Adolescent Sexuality: Teenagers Sexuality Guide
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In your opinion, how many sex partners should one have before marriage or committing to a long-term

1 or 2
3 to 5
5 to 7
7 to 10
10 +


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Female Genital

Posted by: webmaster2 on Wednesday, January 26, 2005 - 01:48 _PRINTPrinter friendly page  _EMAILFRIENDSend this story to a friend
Sexual Information
To get clued up o­n the intricacies of the human sexuality is of essence. In acknowledging your own bodily functions you’ll fine tune with your sexuality and further understand how it responds when aroused. Each part of your genital apparatus plays a role in arousal, intercourse or reproduction. Girls can use mirrors to explore their genitals, especially when masturbating. Boys on the other hand can easily come to grips with their genitals by obvious reasons.

So, let's break down the main parts of the female genitalia with highlights on their sexual function.

External Female Genitals: the entire set of external organs is known as vulva.

- Mons pubis: a pad of fatty tissue placed over the pubic bone, which is covered with hair from puberty on. Its function is to protect the internal organs.
- Labia majora: two folds of skin covering the rest of the genital structures. The labia majora are highly sensitive to gentle playful touch, such an important role in arousal.
- Clitoris: the most important structure for sexual gratification. It's an erectile, hooded organ, corresponding to the penis in men, placed at the joining of the labia minora. The clitoris aggregates a high concentration of nerve bundles, being extremely sensitive to stimulation. It's the only organ whose sole function is to offer sexual pleasure, being essential for women to reach orgasm. A small flap of skin as protection, which is called clitoral hood, covers the clitoris.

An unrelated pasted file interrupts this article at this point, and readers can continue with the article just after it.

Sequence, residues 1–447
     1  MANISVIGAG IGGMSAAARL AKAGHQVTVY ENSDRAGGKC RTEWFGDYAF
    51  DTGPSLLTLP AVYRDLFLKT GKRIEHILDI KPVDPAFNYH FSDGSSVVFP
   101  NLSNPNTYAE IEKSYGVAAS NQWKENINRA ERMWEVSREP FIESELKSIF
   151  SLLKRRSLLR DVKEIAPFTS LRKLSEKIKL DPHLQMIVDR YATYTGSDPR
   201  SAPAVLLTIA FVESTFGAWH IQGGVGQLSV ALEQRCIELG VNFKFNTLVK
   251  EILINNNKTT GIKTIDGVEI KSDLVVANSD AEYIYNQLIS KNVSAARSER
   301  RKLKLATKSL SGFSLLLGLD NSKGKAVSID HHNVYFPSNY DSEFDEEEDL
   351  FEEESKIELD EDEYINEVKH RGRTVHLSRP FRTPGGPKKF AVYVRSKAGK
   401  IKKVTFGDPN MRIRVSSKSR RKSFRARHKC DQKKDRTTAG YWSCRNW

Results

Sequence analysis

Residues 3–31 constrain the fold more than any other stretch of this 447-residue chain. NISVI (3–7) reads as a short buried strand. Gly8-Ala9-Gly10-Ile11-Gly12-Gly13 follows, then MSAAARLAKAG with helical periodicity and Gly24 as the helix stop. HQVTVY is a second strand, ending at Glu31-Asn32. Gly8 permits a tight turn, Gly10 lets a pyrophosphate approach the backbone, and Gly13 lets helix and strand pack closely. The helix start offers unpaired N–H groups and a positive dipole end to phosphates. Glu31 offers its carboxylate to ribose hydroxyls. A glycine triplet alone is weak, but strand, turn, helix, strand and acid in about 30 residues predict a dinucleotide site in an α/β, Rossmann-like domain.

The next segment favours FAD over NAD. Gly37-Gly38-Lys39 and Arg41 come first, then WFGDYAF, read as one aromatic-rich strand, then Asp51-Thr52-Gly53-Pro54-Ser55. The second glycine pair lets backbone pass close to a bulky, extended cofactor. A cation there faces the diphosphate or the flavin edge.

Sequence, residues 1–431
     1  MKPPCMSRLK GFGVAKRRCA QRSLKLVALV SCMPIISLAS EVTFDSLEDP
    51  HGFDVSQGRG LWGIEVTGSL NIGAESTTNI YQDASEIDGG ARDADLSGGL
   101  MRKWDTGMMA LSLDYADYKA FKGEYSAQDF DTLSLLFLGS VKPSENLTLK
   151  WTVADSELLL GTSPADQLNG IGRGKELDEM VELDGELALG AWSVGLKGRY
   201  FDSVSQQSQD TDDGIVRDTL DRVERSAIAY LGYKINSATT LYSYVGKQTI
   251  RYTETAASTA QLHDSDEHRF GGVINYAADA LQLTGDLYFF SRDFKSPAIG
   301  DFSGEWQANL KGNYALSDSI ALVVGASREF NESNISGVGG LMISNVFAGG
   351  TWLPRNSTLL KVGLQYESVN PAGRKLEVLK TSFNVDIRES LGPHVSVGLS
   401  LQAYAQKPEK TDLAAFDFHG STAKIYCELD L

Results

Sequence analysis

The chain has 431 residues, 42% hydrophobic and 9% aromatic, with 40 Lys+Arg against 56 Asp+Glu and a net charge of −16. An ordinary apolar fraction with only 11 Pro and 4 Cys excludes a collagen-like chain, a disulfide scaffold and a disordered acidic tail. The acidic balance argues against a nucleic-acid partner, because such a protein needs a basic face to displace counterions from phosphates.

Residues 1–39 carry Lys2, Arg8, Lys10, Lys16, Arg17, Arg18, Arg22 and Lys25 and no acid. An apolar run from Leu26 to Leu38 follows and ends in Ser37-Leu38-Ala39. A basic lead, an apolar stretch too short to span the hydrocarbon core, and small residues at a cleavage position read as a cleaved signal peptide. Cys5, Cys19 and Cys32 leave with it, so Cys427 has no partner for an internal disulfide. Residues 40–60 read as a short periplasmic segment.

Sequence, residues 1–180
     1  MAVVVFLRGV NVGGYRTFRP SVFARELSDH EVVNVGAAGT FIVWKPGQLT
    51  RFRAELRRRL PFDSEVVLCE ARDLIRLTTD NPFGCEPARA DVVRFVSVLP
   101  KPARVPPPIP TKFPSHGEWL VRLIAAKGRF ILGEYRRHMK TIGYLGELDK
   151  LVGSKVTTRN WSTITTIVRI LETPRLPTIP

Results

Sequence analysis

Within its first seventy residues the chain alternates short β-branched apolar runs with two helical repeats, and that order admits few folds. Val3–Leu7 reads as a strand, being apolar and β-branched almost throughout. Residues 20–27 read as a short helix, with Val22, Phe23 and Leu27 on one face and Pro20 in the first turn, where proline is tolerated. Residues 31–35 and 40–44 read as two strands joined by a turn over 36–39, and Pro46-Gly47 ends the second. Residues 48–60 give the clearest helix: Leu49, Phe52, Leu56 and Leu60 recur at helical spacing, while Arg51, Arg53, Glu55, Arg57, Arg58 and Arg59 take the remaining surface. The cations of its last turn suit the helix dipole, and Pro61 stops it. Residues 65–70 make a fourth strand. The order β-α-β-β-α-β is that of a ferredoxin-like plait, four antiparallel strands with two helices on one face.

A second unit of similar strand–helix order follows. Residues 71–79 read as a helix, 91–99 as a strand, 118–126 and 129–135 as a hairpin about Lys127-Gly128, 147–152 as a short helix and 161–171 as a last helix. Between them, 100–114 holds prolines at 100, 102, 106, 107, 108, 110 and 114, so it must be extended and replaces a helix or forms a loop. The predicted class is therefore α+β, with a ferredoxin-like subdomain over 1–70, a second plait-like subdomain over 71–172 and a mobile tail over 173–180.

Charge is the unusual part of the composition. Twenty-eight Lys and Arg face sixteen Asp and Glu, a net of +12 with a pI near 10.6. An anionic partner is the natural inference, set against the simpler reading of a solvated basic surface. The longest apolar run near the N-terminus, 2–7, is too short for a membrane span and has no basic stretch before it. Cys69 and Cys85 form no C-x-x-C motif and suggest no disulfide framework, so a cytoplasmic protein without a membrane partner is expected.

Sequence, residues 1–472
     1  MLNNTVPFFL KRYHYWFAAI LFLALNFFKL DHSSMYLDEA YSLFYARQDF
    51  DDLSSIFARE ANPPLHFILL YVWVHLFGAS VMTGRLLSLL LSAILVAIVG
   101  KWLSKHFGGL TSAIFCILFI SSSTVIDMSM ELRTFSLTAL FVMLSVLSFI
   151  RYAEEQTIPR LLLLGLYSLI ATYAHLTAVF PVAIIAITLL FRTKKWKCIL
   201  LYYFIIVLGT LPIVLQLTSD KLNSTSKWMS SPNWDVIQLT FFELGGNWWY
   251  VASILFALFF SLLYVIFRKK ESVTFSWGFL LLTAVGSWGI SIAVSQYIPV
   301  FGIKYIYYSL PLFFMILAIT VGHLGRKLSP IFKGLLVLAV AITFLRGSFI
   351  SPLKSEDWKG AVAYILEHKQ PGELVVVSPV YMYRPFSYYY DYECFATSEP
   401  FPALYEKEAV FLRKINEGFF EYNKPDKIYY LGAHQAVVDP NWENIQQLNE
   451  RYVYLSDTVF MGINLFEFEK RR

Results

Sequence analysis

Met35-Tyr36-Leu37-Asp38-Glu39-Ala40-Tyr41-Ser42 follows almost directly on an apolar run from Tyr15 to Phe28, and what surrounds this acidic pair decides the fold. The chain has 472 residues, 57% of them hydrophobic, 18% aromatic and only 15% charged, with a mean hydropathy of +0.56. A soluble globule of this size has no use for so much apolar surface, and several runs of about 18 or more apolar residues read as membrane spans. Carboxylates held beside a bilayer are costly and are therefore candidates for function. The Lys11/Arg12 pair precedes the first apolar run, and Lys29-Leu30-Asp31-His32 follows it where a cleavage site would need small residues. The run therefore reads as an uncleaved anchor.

- Labia minora: two erectile folds of skin extending from the clitoris on both sides of the vaginal opening. The labia minora also concentrate several nerve endings, being extremely important to sexual pleasure.
- There are two pairs of small and practically imperceptible organs that play an essential role in sexual intercourse: the Skene's glands and the Bartholin's glands, which are placed slightly below on each side of the vaginal opening. They are responsible for producing the natural lubrication when the woman is sexually aroused.
- The hymen is a layer of tissue around the vaginal opening that partially hides the orifice. Remember the presence or the absence of hymen doesn't indicate whether you're a virgin or not. You are a virgin until the very first time you engage in sexual intercourse and those are two completely different things. That's one of the most recurrent issues referring to adolescent sexuality.




Internal Female Genitals:

- Vagina: leading from the vaginal opening to the uterus, the vagina is a highly expandable muscular cavity which acts as an exit channel to menstrual flow and to the baby during labor. The vagina is also where the woman is penetrated during intercourse, being highly sensitive to stimulation in its anterior wall. There's a small area (about 1-2 cm) on the front wall of the vagina, halfway between the pelvic bone and the cervix (the lower part of the uterus that bulges into the vagina) which is especially sensitive to stimulation. That's the so-called G-spot.
- Uterus: a pear-shaped muscular organ where the fetus develops during pregnancy. Monthly, if a woman doesn't get pregnant, the uterus shed its lining which forms the menstrual flow.
- Fallopian tubes: is where the fertilization actually takes place, when the egg travels from the ovaries to the uterus. They are a pair of tubes extending from the upper side of the uterus toward the ovaries.
- Ovaries: located at the end of each one of the fallopian tubes, which are the most important organs to reproduction and development of the secondary sexual characteristics during puberty. Being responsible for producing and releasing a single egg per month, to be eventually fecundated, and also for producing several hormones, which act upon lubrication, sexual desire, the elasticity of the genitals during sex and during labor, and the development of secondary sexual characteristics. Those hormones produced in the ovaries are the actual cause of all the physical and emotional changes that start to take place in adolescence.

 

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